Expert Commentary

GMOs: A Primer (of Sorts)

Starting around 2016, I began speaking at AgriCons (IRMI Agribusiness conferences involving the Agribusiness and Farm Insurance Specialist (AFIS) certification) on the topic of genetically modified organisms (GMOs) as they relate to the world of farming and agriculture. Last year, I returned home from another teaching stint for IRMI. I find it to be a fascinating topic, if for no other reason than that it is probably one of the most misunderstood areas of farming and food products—not by the farmers, but by the general public.


Agricultural Insurance
May 2020

My purpose today is to add some clarity and remind readers that, when it comes to most of the insurance products we sell, there is little, if any, insurance coverage response. But first, let's take a look at what a GMO is, how long they have been around, and what they mean for agriculture and the food on your table. GMOs have been in the farming industry now for 20-plus years.

In fact, the first genetically engineered crop to be commercialized debuted in May of 1994 with the introduction of the FLAVR SAVR tomato. The concept behind the FLAVR SAVR was that by modifying the plant, the ripe fruit would remain firmer for a longer period of time, perhaps even allowing it to be vine-ripened instead of being picked green. The benefit behind that thinking was that instead of picking green fruit and artificially ripening them by the use of an ethylene treatment—this new product would approach better taste and shelf life. Initial attempts to sell the product in a tomato paste were successful, but then the higher production and distribution costs, along with some faulty data analysis reduced demand. Like many products, lack of demand equals lack of market shelf space equals … NO sales.

Despite this initial start-stop to the introduction of GMO products, there was no turning back. Genetically modified corn and soybeans lead the planting numbers, but the growth is not limited to those two crops. In 2018, some 191.7 million hectares (approximately 473,690,700 acres) were planted worldwide with GMO crops including soybeans, corn, cotton, canola, potatoes, rice, squash, and  papaya. In order of planted acreage, the countries involved are the United States, Brazil, Argentina, Canada, India, Paraguay, China, Pakistan, South Africa, Uruguay, Bolivia, Australia, Philippines, Myanmar, Sudan, Mexico, Spain, Columbia, Vietnam, Honduras, Chile, Portugal, Bangladesh, Costa Rica, Indonesia, and Eswatini (previously Swaziland).

The usage of these crops has been on a steady increase. They are not going away. In fact, a recent Purdue University study, Eliminating GMOs Would Take Toll on Environment, Economies, by Wally Tyner, Farzad Taheripour, and Harry Mahaffey (February 29, 2016), opined that "[h]igher food prices, a significant boost in greenhouse gas emissions due to land use change and major loss of forest and pasture land would be some of the results if genetically modified organisms in the United States were banned."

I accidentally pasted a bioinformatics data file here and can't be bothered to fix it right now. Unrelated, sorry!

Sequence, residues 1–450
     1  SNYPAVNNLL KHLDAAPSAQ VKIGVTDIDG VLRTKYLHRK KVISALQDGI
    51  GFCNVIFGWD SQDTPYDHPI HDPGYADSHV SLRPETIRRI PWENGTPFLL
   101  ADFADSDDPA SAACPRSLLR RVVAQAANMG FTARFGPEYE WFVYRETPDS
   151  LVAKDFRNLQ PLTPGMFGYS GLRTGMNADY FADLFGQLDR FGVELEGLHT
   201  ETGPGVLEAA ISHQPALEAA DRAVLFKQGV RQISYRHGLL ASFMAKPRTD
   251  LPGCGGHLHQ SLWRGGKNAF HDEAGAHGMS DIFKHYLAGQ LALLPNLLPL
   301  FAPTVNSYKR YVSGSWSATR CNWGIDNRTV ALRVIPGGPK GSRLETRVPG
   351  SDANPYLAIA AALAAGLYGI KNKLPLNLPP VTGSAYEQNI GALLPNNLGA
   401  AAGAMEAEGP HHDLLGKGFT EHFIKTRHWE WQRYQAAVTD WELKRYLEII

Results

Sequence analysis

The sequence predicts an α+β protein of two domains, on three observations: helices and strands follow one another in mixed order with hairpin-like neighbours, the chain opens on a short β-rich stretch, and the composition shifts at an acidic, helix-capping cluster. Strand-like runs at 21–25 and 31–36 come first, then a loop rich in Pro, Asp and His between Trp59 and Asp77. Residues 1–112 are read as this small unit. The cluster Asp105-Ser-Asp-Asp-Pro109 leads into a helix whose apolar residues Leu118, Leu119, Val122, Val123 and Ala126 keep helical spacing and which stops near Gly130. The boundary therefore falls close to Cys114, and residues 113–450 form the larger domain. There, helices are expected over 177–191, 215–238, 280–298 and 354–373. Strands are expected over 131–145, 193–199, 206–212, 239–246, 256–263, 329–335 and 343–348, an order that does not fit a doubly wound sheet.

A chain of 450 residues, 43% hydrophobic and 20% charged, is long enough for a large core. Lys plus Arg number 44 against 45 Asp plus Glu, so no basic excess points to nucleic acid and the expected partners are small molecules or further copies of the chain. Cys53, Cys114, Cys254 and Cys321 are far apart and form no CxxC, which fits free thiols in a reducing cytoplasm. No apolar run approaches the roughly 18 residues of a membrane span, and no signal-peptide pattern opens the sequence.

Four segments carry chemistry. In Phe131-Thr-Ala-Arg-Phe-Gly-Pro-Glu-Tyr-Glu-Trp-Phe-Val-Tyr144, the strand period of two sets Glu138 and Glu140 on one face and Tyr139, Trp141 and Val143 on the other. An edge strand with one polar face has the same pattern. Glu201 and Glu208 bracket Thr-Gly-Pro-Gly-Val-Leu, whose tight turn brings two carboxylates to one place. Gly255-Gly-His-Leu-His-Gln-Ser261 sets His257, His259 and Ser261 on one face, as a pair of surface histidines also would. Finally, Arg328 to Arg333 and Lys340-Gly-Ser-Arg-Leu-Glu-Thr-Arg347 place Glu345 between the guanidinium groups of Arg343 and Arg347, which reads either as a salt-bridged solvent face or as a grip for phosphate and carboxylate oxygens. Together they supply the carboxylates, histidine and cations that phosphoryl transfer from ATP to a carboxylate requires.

Think about that statement and then consider this one from the World Bank, "The world needs to produce at least 50 percent more food to feed 9 billion people by 2050. But climate change could cut crop yields by more than 25 percent. The land, biodiversity, oceans, forests, and other forms of natural capital are being depleted at unprecedented rates."

So, you may ask, what's the problem or concern? Why are some people so concerned with GMOs in their food? What's the concern for the insurance industry? Where's the coverage? Let's see if we can answer some of these questions.

What Is a GMO?

First off, let's get to a generally acceptable definition of what a GMO is. Simply stated, when a gene from one organism is purposely moved to improve or change another organism in a laboratory, that's a GMO.

The World Health Organization, according to its website, has defined genetically modified foods as "foods derived from organisms whose genetic material (DNA) has been modified in a way that does not occur naturally, e.g. through the introduction of a gene from a different organism."

However, we also need to understand that "gene editing" will be considered a genetically engineered (GE) product in many circles. This is when a genetic item is removed from an item. For instance, recently scientists have been able to isolate the DNA from white button mushrooms that is responsible for browning these mushrooms in their aging process. They didn't add an item to the product/vegetable, they deleted one.

Whichever definition you prefer, let's also understand that we will also hear these synonyms for GMOs—GE products and transgenics. We can use these interchangeably.

How Does this Differ from Traditional Breeding?

In the past, classical breeding reproduction would only occur between closely related species (e.g., corn to corn or a closely related species). The overall goal of most plant breeders is to develop plant varieties with preferred (or good, if you will) agronomic characteristics. With GE products, any gene from any organism can be transferred to another organism. As an ongoing example, DNA from a bacterium such as Bacillus thuringiensis (Bt) can be transferred into corn or cotton.

Originally, GE crops were planted with but one concept in mind: to make the crop weed resistant or more resistant to a particular pest. Now we see what are called "stacked" traits, where more than one action is ongoing with the plant species. The manufacturer may be trying to fight both pests and weeds (or similar combinations) within the same GM seed. Therefore, they are "stacking" the traits within the seed.

What GE Crops Are Grown in the United States?

The growth of GMO crops has steadily increased since their introduction in 1996. The FLAVR SAVR was introduced earlier, but full-scale introduction of GMO crops was initiated in 1996. In the United States alone, as of 2018, more than 185 million acres are planted with GE seeds. The top 10 crops in the United States (according to 2018 ISAAA statistics1), in order of the most prolific growth or agricultural adaptation, are the following.

  1. Soybeans
  2. Corn
  3. Cotton